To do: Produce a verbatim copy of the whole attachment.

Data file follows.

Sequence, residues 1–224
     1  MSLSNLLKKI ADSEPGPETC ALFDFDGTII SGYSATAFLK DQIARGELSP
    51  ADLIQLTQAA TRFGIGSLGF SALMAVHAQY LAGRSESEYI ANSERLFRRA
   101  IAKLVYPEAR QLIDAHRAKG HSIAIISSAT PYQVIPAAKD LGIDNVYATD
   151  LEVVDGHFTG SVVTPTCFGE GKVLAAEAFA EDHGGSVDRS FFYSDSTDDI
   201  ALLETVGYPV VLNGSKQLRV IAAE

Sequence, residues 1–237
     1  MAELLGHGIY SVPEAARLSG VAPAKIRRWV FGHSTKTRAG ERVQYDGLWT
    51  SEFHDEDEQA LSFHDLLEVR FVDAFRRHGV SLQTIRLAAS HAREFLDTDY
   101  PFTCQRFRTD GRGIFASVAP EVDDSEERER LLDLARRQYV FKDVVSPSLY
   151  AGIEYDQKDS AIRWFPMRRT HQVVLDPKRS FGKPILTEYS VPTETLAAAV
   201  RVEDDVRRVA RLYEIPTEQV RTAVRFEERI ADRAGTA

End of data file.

Sequence, residues 1–224
     1  MSLSNLLKKI ADSEPGPETC ALFDFDGTII SGYSATAFLK DQIARGELSP
    51  ADLIQLTQAA TRFGIGSLGF SALMAVHAQY LAGRSESEYI ANSERLFRRA
   101  IAKLVYPEAR QLIDAHRAKG HSIAIISSAT PYQVIPAAKD LGIDNVYATD
   151  LEVVDGHFTG SVVTPTCFGE GKVLAAEAFA EDHGGSVDRS FFYSDSTDDI
   201  ALLETVGYPV VLNGSKQLRV IAAE

Sequence, residues 1–237
     1  MAELLGHGIY SVPEAARLSG VAPAKIRRWV FGHSTKTRAG ERVQYDGLWT
    51  SEFHDEDEQA LSFHDLLEVR FVDAFRRHGV SLQTIRLAAS HAREFLDTDY
   101  PFTCQRFRTD GRGIFASVAP EVDDSEERER LLDLARRQYV FKDVVSPSLY
   151  AGIEYDQKDS AIRWFPMRRT HQVVLDPKRS FGKPILTEYS VPTETLAAAV
   201  RVEDDVRRVA RLYEIPTEQV RTAVRFEERI ADRAGTA